Girard and Deef argue that they are not barred from challenging the deprivation of their right to an impartial hearing officer prior to exhausting their administrative remedies "[b]ecause plaintiffs' constitutional challenge is entirely collateral to their substantive claim relating to the propriety of debarment." We review for abuse of discretion a district court's ruling concerning exhaustion of administrative remedies. Building Material & Dump Truck Drivers, Local 420 v. Traweek, 867 F.2d 500, 509 (9th Cir.1989); Southeast Alaska Conserv. Council, Inc. v. Watson, 697 F.2d 1305, 1309 (9th Cir.1982). We conclude that exhaustion of administrative remedies is not required when the constitutional or statutory validity of debarment hearing regulations is challenged.


In Mathews v. Eldridge, 424 U.S. 319, 96 S.Ct. 893, 47 L.Ed.2d 18 (1976), the Supreme Court held that exhaustion of administrative remedies is not a prerequisite to invoking the jurisdiction of a district court when "the constitutional claim is entirely collateral to [the] substantive claim," id. at 330, 96 S.Ct. at 900, and raises "at least a colorable claim" that an unfavorable administrative determination would result in irreparable harm, id. at 331, 96 S.Ct. at 900.


In Bowen v. City of New York, 476 U.S. 467, 106 S.Ct. 2022, 90 L.Ed.2d 462 (1986), the Supreme Court concluded that the determination whether to require exhaustion "should also be guided by the policies underlying the exhaustion requirement." Id. at 484, 106 S.Ct. at 2032. These policies seek to prevent "premature interference with agency processes, so that the agency may function efficiently and so that it may have an opportunity to correct its own errors, to afford the parties and the courts the benefit of its experience and expertise, and to compile a record which is adequate for judicial review." Weinberger v. Salfi, 422 U.S. 749, 765, 95 S.Ct. 2457, 2466, 45 L.Ed.2d 522 (1975).


In Cassim v. Bowen, 824 F.2d 791 (9th Cir.1987), we formulated a three-part test to determine when exhaustion of administrative remedies is not required. We held that


[t]he claim at issue must (1) be collateral to a substantive claim of entitlement (collaterality), (2) colorable in its showing that refusal of the relief sought will cause an injury which retroactive payments cannot remedy (irreparability), and (3) one whose resolution would not serve the purposes of exhaustion (futility).


Id. at 795 (citations omitted).


The claim that the ASCS debarment procedures violate the APA and procedural due process meets the requirements of the Cassim v. Bowen test. The constitutional validity of the ASCS debarment procedures is collateral to the question whether Girard and Deef knew of the inclusion of ineligible cheese in UDA shipments to the ASCS. Girard and Deef have made a colorable claim that they will suffer an irreparable harm if their constitutional rights are not protected at this stage of the proceedings. A finding by the ASCS that Girard and Deef lacked the integrity necessary for government contracting, even if later reversed, could have a permanently stigmatizing effect on their professional reputations and employment opportunities. Finally, exhaustion of the administrative remedies would not assist the court in determining the constitutional validity of the agency procedures. The agency hearings are designed to determine whether Girard and Deef knew of the inclusion of ineligible cheese into UDA shipments to ASCS. A factual record concerning the inclusion of ineligible cheese would not assist an Article III court in determining whether the ASCS debarment procedures comport with the requirements of procedural due process. See Cassim, 824 F.2d at 795 ("there [is] nothing to be gained from permitting the compilation of a detailed factual record, or from agency expertise" when the challenge is to the validity of the procedure (quoting Bowen v. City of New York, 476 U.S. at 485, 106 S.Ct. at 2032)). Accordingly, we hold that exhaustion of administrative remedies was not required in this matter. The district court erred in concluding that exhaustion of administrative remedies was required prior to considering the merits of a contention that a hearing before a biased administrative officer violated procedural due process.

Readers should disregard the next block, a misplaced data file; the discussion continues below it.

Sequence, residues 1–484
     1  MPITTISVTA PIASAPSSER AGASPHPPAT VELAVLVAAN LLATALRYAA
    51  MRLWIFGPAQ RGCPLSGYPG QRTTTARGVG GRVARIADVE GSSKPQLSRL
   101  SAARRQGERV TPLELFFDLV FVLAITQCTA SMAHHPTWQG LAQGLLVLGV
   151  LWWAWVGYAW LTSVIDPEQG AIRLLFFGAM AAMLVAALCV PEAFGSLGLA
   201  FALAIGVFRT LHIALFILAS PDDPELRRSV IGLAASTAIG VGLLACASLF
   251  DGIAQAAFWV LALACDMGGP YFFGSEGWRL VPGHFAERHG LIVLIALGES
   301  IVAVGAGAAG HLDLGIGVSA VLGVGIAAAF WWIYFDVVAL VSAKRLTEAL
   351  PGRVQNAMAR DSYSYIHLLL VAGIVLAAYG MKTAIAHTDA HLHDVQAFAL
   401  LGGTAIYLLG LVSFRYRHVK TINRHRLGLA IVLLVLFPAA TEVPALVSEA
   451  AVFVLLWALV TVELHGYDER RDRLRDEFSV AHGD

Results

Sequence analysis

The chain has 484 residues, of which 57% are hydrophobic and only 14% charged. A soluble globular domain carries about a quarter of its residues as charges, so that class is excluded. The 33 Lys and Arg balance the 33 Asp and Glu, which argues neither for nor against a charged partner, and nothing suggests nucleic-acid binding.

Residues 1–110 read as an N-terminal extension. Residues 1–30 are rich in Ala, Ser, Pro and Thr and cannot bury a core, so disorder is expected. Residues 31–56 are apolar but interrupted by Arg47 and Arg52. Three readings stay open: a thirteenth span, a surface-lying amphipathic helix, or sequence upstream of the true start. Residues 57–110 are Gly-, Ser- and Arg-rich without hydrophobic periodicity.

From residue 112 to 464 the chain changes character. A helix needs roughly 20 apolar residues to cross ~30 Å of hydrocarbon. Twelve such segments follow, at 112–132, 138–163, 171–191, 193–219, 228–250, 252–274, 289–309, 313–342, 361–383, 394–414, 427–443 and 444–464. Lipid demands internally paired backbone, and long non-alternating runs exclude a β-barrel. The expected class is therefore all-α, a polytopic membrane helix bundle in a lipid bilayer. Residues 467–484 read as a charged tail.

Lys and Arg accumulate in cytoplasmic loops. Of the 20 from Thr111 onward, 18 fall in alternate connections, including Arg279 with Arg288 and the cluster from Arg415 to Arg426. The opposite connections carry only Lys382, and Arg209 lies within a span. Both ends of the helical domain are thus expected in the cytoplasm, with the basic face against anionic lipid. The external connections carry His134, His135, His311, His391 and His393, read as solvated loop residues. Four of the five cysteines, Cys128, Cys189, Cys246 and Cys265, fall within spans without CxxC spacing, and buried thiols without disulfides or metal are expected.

2. The Claims Against ASCS and CCC


A. The Administrative Procedure Act does not require that an ALJ preside over ASCS debarment hearings.


Girard and Deef argue that section 554 of the Administrative Procedure Act (APA) requires an ASCS debarment hearing before an ALJ "because the hearing is an adjudication ... notwithstanding that the section, by its terms, is limited to adjudication 'required by statute to be determined on the record after opportunity for agency hearing.' " (Citing 5 U.S.C. Sec. 554(a) (Supp.1990).) Girard and Deef rely on Marathon Oil Co. v. Environmental Protection Agency, 564 F.2d 1253 (9th Cir.1977), for the proposition that application of the APA "does not rest on the presence or absence of the magical phrase 'on the record.' " Id. at 1263. They argue that the APA applies whether or not the hearing is "on the record."


The APA does not apply in this matter because a debarment hearing is not required by statute. The fact that the hearing is "on the record" does not trigger an application of the provisions of section 554 of the APA.